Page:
Three German reactors cease operation

04 January 2022

The Brokdorf, Grohnde and Gundremmingen C nuclear power plants were permanently shut down on 31 December in compliance with Germany's nuclear phase-out policy. The move leaves three reactors in operation, which are scheduled to be taken offline by the end of this year.

Brokdorf (Image: PreussenElektra)

PreussenElektra, operator of the Brokdorf and Grohnde plants, announced the reactors were taken offline shortly before midnight on 31 December. The company said that since being connected with the grid in October 1986, Brokdorf - a 1410 MWe pressurised water reactor (PWR) - has generated more than 380 billion kilowatt-hours of electricity (gross). The Grohnde plant - a 1360 MWe PWR - has produced almost 410 billion kilowatt hours of electricity (gross) since being grid connected in September 1984.

"Our heartfelt thanks go to our power plant teams, who have done an excellent job over the years," said PreussenElektra CEO Guido Knott. "We are very proud of this achievement, because with it we have made a decisive contribution to the safe, climate-friendly and reliable power supply in Germany for decades. We would also like to thank the system manufacturer, our service partner companies, our neighbours and the representatives of the supervisory authorities and expert organisations."

Unit C of the Gundremmingen was disconnected from the grid at 8.00pm on 31 December, RWE said. Shortly afterwards, the 1288 MWe boiling water reactor (BWR) was shut down the reactor in accordance with the provisions of the Atomic Energy Act. The reactor has generated about 362 billion kilowatt hours of electricity since March 1985.

"The plant went online in 1984/1985 as the most powerful nuclear power plant in Germany and for many years was a mainstay of the energy supply in southern Germany," noted Nikolaus Valerius, member of the board of directors for nuclear energy at RWE Power and technical director of RWE Nuclear. "The team has done a great job over the entire period. In recent years in particular, it has managed to responsibly implement reliable power operation in Block C and safe dismantling in Block B. With the shutdown of the last boiling water reactor in Germany, an era came to an end at the Gundremmingen site."

RWE obtained a licence required by the Bavarian State Ministry for the Environment and Consumer Protection for the dismantling of Gundremmingen C in May 2021. The company said the first step will be to unload the fuel elements from the core and move them to the used fuel storage pool. Subsequently, the focus of activities will be on creating space within the reactor building for safe dismantling.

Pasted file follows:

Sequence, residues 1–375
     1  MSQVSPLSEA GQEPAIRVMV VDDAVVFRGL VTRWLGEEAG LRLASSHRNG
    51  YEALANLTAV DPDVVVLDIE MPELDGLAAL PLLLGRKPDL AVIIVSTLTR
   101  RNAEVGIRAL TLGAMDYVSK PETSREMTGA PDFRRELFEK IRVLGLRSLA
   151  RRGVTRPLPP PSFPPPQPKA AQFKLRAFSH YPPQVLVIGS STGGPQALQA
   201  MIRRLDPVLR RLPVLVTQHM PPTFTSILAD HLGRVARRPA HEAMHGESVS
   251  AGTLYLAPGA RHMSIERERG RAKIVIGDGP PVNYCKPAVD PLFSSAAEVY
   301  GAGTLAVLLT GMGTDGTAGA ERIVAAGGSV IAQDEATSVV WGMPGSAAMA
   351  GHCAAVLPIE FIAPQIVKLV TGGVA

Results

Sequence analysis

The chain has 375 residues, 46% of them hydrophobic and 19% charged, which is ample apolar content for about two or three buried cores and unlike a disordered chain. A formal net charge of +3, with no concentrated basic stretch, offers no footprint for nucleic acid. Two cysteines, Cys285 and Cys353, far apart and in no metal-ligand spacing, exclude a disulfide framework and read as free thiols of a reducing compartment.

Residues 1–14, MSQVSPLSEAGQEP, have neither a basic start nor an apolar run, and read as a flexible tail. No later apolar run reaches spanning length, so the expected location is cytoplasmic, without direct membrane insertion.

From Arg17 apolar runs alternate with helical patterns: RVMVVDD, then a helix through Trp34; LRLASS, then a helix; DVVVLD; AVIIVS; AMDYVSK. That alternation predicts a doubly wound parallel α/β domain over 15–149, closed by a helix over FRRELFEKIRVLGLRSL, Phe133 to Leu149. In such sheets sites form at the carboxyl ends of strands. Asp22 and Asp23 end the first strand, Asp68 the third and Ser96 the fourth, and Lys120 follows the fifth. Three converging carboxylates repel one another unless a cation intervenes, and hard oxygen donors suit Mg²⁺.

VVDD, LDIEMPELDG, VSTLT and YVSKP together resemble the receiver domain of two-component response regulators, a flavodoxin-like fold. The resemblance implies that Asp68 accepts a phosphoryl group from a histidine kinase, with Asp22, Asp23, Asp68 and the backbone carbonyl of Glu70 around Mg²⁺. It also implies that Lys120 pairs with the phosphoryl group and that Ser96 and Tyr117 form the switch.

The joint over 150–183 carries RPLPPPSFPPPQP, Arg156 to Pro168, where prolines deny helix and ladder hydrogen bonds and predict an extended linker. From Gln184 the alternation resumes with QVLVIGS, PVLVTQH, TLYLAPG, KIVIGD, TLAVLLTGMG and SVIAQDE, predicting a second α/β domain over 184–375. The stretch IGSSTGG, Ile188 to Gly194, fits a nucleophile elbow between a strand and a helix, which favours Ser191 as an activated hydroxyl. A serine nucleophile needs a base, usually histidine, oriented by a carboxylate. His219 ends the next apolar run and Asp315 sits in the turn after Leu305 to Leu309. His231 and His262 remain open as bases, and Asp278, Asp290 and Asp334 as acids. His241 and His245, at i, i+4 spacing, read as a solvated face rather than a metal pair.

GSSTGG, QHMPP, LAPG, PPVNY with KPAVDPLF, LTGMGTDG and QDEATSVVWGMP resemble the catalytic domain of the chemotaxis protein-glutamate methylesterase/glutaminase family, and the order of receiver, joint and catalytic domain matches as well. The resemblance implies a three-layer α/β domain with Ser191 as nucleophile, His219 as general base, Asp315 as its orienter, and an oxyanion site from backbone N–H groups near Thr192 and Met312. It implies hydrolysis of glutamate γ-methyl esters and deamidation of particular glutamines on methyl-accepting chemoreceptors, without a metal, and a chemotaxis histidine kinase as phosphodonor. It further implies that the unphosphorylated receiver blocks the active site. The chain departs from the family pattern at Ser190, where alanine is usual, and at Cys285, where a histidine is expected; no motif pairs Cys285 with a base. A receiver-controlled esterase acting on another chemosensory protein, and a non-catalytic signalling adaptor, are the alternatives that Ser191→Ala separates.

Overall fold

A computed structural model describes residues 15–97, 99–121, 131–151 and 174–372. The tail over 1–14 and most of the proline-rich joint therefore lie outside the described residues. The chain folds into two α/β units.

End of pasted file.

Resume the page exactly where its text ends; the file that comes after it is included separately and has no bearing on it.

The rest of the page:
Employee numbers at the Gundremmingen plant will drop from about 600 at the start of 2017 to about 440 at the end of 2022, RWE said. The remaining employees will continue working through to the 2030s on post-shutdown operations and deconstruction work at the location.

RWE also shut down its Neurath B, Niederaussem C and Weisweiler E 300 MWe lignite-fuelled units. A further 1620 MWe of lignite-fuelled generating capacity will be decommissioned by the company in 2022, together with its 1335 MWe Emsland nuclear power plant.

"This represents a further step in our rigorous efforts to implement the legally mandated phase-out of nuclear power and coal," said RWE Power CEO Frank Weigand.

Following the accident at the Fukushima Daiichi plant in Japan in March 2011, the government of Chancellor Angela Merkel decided it would phase out its use of nuclear power by the end of 2022 at the latest. Prior to the accident, Germany was obtaining around one-quarter of its electricity from nuclear power.

In August 2011, the 13th amendment of the Nuclear Power Act came into effect, which underlined the political will to phase out nuclear power in Germany. As a result, eight units were closed down immediately: Biblis A and B, Brunsb├╝ttel, Isar 1, Kr├╝mmel, Neckarwestheim 1, Phillipsburg 1 and Unterweser.

The country's final three units - Emsland, Isar 2 and Neckarwestheim 2 - are set to close at the end of this year.

Researched and written by World Nuclear News